gluten Health

Why is gluten intolerance becoming more common?

Why is gluten intolerance becoming more common?

Gluten intolerance or gluten sensitivity sensitivity - officially known as Non Celiac Gluten Sensitivity (NCGS) (read more here) is characterized by negative reactions to gluten, a protein found in wheat, barley, and rye. In recent years, there has been a significant increase in the number of people diagnosed with gluten intolerance. This blog post will explore some of the possible reasons why gluten intolerance is becoming more common.

One possible explanation for the increase in gluten intolerance is the modern diet. Over the past few decades, there has been a significant shift in our eating habits. Processed foods, high in unhealthy sugars and fats, have become increasingly popular. These foods often contain wheat, barley, or rye as a thickener, stabilizer, or flavor enhancer. As a result, many people are consuming more gluten than ever before, which can trigger gluten intolerance.

Additionally, the modern diet is also characterized by consuming less natural and whole foods. This can lead to an imbalance in the gut microbiota, which plays a crucial role in digesting gluten. The imbalance can lead to inflammation and other gastrointestinal symptoms, leading to the development of gluten intolerance [1].

Another theory is that changes in how wheat is grown and processed may contribute to the increase in gluten intolerance. Modern varieties of wheat have been selected to be higher in gluten, making them more elastic and better suited for bread-making. However, this also makes them more difficult to digest for some people. Additionally, many wheat-based products are now heavily refined, removing many of the nutrients and fibers that aid in digestion.

Furthermore, the use of pesticides and other chemicals in modern wheat farming can also contribute to the increase in gluten intolerance. These chemicals can damage the intestinal lining, leading to inflammation and other adverse effects [2].

Finally, it is possible that the increase in gluten intolerance is due to increased awareness and testing. As more and more people become aware of the symptoms of gluten intolerance, they are more likely to seek a diagnosis though difficult to fully diagnose. 

Moreover, there is a growing interest in gluten-free diets, both in the general population and among athletes and health enthusiasts. This has led to an increase in the number of people eliminating gluten from their diets, even if they do not have a diagnosed intolerance. This trend may contribute to the perception that gluten intolerance is becoming more common [3].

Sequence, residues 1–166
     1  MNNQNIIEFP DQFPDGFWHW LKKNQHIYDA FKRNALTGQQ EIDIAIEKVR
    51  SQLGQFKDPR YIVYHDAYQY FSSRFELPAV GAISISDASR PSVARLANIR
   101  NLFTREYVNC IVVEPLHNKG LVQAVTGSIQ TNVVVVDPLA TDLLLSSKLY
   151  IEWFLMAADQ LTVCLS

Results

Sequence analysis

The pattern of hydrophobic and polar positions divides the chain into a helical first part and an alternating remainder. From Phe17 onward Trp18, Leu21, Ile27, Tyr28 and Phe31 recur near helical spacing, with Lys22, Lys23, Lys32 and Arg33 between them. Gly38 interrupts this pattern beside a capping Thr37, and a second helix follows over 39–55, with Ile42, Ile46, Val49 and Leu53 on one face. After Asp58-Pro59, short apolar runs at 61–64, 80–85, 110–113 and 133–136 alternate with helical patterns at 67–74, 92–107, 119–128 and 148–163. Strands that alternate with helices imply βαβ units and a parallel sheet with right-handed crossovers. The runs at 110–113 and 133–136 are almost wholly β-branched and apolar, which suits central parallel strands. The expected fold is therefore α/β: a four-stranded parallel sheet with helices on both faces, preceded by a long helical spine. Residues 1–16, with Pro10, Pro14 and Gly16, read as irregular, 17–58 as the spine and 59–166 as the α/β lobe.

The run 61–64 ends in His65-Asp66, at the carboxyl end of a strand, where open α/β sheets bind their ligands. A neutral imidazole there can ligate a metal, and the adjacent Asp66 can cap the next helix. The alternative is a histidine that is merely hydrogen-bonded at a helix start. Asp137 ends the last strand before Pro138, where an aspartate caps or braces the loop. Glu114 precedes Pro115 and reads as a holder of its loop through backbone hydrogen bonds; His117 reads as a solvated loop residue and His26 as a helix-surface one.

In conclusion, the increase in gluten intolerance is likely due to a combination of factors, including changes in the modern diet, changes in wheat, and increased awareness and testing. While gluten intolerance can be a challenging condition to live with, there are now many alternatives available for those who cannot consume gluten. By understanding the causes of gluten intolerance, we can work towards its prevention and improving the lives of those who suffer from it.


Sophie Cochez



Sophie holds a master degree in medical biology, with particular focus on microbiology and biotechnologies. Passionate about health sciences, she had her first professional experience in a clinical research center, a CNRS unit (Centre national de la recherche scientifique) to develop her master thesis on "The use of antibody arrays to analyze human proteomes of cancer - and its perspective of application for breast cancer diagnosis". CNRS FRE 2230 



Catassi C, Elli L, Bonaz B, Bouma G, Carroccio A, Castillejo G, et al. Diagnosis of Non-Celiac Gluten Sensitivity (NCGS): The Salerno Experts’ Criteria. Nutrients. 2015;7(6):4966–77.

Sapone A, Bai JC, Ciacci C, Dolinsek J, Green PH, Hadjivassiliou M, et al. Spectrum of gluten-related disorders: consensus on new nomenclature and classification. BMC Med. 2012;10:13.

Biesiekierski JR, Peters SL, Newnham ED, Rosella O, Muir JG, Gibson PR. No effects of gluten in patients with self-reported non-celiac gluten sensitivity after dietary reduction of fermentable, poorly absorbed, short-chain carbohydrates. Gastroenterology. 2013;145(2):320–8.e1–3.


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